Garden lovers everywhere will cherish this collection of beautiful poetry and prose inspired by all things green and flourishing. With quotations from down the ages and through the seasons, this beautifully-designed book contains words of wisdom on everything from allotments to arboretums, from pergolas to potting sheds, and will provide moments of laughter and reflection whether you are cooped up on a rainy day or admiring the fruits of your labour on a summer evening. 'You have heard it said that flowers only flourish rightly in the garden of someone who loves them. I know you would like that to be true; and would think it a pleasant magic if you could flush your flowers into brighter bloom by a kind look upon them.? John Ruskin, Sesame and Lilies
- How to make a garden even in the driest conditions that is full of glorious color and scent, with vivid flowers and foliage, and aromatic herbs -- the perfect outdoor living-room.
This beautifully presented book offers a visual identifier and gardening guide, with expert advice on growing and using hundreds of herbs.
The life of William Shakespeare, arguably the most significant figure in the Western literary canon, is relatively unknown. Shakespeare was born in Stratford-upon-Avon in 1565, possibly on the 23rd April, St. George's Day, and baptised there on 26th April. Little is known of his education and the first firm facts to his life relate to his marriage, aged 18, to Anne Hathaway, who was 26 and from the nearby village of Shottery. Anne gave birth to their first son six months later. Shakespeare's first play, The Comedy of Errors began a procession of real heavyweights that were to emanate from his pen in a career of just over twenty years in which 37 plays were written and his reputation forever established. This early skill was recognised by many and by 1594 the Lord Chamberlain's Men were performing his works. With the advantage of Shakespeare's progressive writing they rapidly became London's leading company of players, affording him more exposure and, following the death of Queen Elizabeth in 1603, a royal patent by the new king, James I, at which point they changed their name to the King's Men. By 1598, and despite efforts to pirate his work, Shakespeare's name was well known and had become a selling point in its own right on title pages. No plays are attributed to Shakespeare after 1613, and the last few plays he wrote before this time were in collaboration with other writers, one of whom is likely to be John Fletcher who succeeded him as the house playwright for the King's Men. William Shakespeare died two months later on April 23rd, 1616, survived by his wife, two daughters and a legacy of writing that none have since yet eclipsed.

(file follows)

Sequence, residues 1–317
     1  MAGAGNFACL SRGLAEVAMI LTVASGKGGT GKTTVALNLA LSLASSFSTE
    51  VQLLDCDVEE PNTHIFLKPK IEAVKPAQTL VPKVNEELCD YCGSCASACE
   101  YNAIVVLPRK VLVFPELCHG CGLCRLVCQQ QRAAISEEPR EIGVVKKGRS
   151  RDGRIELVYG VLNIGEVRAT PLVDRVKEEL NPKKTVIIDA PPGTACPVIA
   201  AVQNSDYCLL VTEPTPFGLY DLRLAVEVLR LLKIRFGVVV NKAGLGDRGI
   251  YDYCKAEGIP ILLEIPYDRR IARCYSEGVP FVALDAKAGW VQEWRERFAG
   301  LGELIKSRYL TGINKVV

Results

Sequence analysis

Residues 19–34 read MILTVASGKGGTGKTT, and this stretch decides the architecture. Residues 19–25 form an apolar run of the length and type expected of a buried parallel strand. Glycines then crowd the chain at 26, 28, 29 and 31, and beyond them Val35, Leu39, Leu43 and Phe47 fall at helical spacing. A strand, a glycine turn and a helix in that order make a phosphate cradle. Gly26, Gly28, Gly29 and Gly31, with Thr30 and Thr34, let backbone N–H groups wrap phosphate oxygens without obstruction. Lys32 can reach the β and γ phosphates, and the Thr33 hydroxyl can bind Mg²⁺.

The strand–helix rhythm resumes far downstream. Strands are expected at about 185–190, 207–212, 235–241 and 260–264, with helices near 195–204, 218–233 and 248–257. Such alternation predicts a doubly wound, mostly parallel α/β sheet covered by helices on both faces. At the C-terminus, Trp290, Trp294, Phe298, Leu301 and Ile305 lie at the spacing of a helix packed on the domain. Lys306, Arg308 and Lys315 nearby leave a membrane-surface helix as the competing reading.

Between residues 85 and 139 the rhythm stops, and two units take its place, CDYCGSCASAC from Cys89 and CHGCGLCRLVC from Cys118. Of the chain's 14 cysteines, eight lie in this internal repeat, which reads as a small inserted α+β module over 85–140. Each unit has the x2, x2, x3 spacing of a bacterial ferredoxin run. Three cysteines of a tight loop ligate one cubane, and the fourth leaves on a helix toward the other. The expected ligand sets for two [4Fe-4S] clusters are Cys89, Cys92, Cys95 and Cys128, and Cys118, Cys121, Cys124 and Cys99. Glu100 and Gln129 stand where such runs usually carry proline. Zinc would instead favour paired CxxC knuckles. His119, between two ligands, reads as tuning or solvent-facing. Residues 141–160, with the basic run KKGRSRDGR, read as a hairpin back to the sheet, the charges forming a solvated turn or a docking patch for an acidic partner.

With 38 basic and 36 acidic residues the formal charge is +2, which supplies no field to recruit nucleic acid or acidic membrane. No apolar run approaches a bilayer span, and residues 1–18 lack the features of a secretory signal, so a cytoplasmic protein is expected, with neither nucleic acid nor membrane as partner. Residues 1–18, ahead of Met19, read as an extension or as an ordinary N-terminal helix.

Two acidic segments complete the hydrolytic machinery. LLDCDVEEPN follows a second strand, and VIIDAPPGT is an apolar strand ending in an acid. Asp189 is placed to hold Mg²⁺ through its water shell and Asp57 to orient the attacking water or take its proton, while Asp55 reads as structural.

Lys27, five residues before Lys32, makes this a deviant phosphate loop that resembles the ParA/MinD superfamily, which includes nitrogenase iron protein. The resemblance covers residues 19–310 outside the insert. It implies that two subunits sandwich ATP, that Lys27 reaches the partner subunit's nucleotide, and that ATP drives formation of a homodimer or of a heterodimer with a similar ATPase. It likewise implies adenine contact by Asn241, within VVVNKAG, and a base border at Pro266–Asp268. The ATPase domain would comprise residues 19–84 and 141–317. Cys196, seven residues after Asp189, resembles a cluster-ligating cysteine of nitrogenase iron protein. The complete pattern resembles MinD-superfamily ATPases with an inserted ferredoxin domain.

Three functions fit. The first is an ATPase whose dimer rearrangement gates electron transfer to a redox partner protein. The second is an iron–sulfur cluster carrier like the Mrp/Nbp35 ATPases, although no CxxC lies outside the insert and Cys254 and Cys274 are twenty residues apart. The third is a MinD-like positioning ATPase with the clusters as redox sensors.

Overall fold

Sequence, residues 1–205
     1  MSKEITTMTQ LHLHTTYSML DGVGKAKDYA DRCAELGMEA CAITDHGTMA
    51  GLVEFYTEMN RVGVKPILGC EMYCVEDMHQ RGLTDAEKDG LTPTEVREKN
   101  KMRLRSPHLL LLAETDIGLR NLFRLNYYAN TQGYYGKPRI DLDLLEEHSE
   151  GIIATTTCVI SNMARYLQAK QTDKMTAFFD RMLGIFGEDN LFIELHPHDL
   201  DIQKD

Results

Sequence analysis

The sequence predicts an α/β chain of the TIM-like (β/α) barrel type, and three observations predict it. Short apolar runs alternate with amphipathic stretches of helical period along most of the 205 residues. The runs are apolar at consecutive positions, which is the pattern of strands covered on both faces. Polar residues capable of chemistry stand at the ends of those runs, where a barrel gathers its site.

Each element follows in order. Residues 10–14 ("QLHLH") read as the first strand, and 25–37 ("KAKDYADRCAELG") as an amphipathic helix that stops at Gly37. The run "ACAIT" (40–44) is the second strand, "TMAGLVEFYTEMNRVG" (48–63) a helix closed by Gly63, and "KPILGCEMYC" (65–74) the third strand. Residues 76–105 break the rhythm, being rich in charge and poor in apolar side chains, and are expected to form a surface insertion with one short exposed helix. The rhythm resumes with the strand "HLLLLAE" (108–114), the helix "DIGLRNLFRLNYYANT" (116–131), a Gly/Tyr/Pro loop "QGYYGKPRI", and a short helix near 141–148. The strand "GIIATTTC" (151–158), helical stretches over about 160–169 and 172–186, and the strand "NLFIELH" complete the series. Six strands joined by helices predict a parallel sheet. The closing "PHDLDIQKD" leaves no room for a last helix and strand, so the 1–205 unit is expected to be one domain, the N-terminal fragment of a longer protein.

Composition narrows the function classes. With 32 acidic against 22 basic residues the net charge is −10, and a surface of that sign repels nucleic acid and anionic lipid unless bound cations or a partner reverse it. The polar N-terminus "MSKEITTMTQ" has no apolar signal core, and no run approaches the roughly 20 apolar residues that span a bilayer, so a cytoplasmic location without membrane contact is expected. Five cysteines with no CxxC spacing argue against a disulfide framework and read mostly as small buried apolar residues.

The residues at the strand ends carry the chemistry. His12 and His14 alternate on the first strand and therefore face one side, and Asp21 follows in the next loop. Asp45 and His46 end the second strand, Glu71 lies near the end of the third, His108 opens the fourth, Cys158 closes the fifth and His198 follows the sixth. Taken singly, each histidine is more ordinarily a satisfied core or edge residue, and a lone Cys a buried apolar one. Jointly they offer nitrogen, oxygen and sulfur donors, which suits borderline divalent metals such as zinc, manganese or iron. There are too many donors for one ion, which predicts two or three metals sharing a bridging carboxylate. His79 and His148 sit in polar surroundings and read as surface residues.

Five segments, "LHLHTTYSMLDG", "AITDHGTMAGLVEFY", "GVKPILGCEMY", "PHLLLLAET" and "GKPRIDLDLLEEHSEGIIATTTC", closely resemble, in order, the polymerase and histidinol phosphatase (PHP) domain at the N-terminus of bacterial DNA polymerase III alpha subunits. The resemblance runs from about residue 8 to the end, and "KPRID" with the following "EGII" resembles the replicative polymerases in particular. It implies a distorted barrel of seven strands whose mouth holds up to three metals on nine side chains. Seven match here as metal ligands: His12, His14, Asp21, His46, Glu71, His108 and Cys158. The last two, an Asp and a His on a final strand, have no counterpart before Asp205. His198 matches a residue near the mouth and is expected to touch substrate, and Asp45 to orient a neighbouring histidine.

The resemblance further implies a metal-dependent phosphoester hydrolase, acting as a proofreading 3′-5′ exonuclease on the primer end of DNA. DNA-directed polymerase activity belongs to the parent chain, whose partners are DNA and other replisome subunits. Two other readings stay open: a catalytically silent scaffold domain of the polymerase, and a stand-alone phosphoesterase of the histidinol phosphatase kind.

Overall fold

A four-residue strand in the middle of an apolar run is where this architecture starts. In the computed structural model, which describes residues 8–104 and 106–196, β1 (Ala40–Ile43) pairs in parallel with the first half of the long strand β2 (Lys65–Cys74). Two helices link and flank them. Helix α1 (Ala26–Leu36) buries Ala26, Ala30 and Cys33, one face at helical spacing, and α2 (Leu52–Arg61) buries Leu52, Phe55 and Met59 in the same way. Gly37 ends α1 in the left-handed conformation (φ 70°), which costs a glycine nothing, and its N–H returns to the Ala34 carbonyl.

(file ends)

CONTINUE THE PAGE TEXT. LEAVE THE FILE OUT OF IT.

In the footsteps of Ingardeniana II, this volume marks the 20th anniver- sary of Roman Ingarden's death, partly focusing upon his thought, partly bringing his aesthetics into the present-day framework of research. It might have appeared puzzling to the followers of our Analecta Husserliana why within the original horizon encircled by the research work of our International Society of Phenomenology and Literatur- whose research work is devised in a diametrically opposed direction to that of Roman Ingarden - there is steadfastly running through our discussions a line of Ingardenian reflection. The reason, as I have pointed out in the introduction to Ingardeniana II, expertly edited by Hans Rudnik, is clear: Ingarden's analysis of the intentional structures of works of art offers in its distinct and clear-cut forms an 'objective' correlate - as well as a point of reference - to the vast conundrum of issues concerning the creative endeavor of the writer, poet, artist in their struggle to endow life with its specifically human significance; a conundrum that in our research we are trying to disentangl- elucidating its mysterious ramifications, their sources and dynamic virtualities. As a matter of fact, Ingarden's thought, newly interpreted and originally expanded, occupies a legitimate place in the present collec- tion. We find here, in the first place, an original expansion of Ingarden's aesthetic theory in the monograph of ladwiga Smith followed by the essays of Wadaw Osadnik, Yushiro Takei and Charles Rzepka.
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